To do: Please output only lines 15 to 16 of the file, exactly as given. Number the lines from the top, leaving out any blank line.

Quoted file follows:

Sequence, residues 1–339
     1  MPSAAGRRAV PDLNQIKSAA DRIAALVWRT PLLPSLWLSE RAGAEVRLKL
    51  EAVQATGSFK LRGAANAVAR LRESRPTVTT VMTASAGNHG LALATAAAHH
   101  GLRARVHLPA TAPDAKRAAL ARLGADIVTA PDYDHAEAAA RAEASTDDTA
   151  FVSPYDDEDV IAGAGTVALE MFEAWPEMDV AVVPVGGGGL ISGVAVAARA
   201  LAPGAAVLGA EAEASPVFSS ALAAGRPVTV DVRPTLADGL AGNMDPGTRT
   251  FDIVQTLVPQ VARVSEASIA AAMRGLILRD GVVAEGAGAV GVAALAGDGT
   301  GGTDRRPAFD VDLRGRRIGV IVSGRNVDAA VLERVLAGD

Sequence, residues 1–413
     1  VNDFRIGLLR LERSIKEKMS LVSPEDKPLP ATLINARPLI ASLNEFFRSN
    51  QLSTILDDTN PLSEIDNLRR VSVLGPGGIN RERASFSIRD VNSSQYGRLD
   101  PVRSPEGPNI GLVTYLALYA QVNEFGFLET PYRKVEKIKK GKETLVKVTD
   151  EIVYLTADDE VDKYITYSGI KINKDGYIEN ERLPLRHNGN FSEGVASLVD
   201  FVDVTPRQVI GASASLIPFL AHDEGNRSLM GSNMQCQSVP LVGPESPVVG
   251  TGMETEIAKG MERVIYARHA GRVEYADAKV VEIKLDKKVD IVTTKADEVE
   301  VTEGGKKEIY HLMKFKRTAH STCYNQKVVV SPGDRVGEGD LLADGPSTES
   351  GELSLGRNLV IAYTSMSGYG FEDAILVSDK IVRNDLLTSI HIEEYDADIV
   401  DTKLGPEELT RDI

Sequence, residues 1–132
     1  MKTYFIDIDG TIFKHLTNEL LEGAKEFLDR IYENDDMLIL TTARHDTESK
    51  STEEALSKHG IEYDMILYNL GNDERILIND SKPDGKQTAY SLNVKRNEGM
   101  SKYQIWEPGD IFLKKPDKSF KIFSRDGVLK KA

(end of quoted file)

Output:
   251  TGMETEIAKG MERVIYARHA GRVEYADAKV VEIKLDKKVD IVTTKADEVE
   301  VTEGGKKEIY HLMKFKRTAH STCYNQKVVV SPGDRVGEGD LLADGPSTES